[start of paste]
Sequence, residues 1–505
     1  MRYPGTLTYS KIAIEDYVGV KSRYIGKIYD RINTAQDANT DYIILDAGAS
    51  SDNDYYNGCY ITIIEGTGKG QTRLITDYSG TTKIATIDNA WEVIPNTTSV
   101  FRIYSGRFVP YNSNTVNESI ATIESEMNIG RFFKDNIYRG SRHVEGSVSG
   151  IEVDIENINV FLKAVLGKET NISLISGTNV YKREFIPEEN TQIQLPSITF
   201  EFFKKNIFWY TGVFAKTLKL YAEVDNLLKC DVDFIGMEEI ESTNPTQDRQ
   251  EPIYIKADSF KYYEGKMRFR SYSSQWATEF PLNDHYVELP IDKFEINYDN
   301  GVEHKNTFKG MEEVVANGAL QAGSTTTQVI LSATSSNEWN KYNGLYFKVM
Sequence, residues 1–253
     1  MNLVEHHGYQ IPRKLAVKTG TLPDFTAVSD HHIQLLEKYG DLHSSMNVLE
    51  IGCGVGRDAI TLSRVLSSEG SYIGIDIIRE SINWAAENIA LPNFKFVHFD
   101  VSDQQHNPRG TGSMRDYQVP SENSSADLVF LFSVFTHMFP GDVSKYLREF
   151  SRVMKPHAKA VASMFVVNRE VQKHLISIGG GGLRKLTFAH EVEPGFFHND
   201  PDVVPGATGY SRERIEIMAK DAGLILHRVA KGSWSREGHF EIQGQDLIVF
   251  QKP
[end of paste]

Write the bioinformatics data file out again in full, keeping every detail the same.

Sequence, residues 1–505
     1  MRYPGTLTYS KIAIEDYVGV KSRYIGKIYD RINTAQDANT DYIILDAGAS
    51  SDNDYYNGCY ITIIEGTGKG QTRLITDYSG TTKIATIDNA WEVIPNTTSV
   101  FRIYSGRFVP YNSNTVNESI ATIESEMNIG RFFKDNIYRG SRHVEGSVSG
   151  IEVDIENINV FLKAVLGKET NISLISGTNV YKREFIPEEN TQIQLPSITF
   201  EFFKKNIFWY TGVFAKTLKL YAEVDNLLKC DVDFIGMEEI ESTNPTQDRQ
   251  EPIYIKADSF KYYEGKMRFR SYSSQWATEF PLNDHYVELP IDKFEINYDN
   301  GVEHKNTFKG MEEVVANGAL QAGSTTTQVI LSATSSNEWN KYNGLYFKVM
Sequence, residues 1–253
     1  MNLVEHHGYQ IPRKLAVKTG TLPDFTAVSD HHIQLLEKYG DLHSSMNVLE
    51  IGCGVGRDAI TLSRVLSSEG SYIGIDIIRE SINWAAENIA LPNFKFVHFD
   101  VSDQQHNPRG TGSMRDYQVP SENSSADLVF LFSVFTHMFP GDVSKYLREF
   151  SRVMKPHAKA VASMFVVNRE VQKHLISIGG GGLRKLTFAH EVEPGFFHND
   201  PDVVPGATGY SRERIEIMAK DAGLILHRVA KGSWSREGHF EIQGQDLIVF
   251  QKP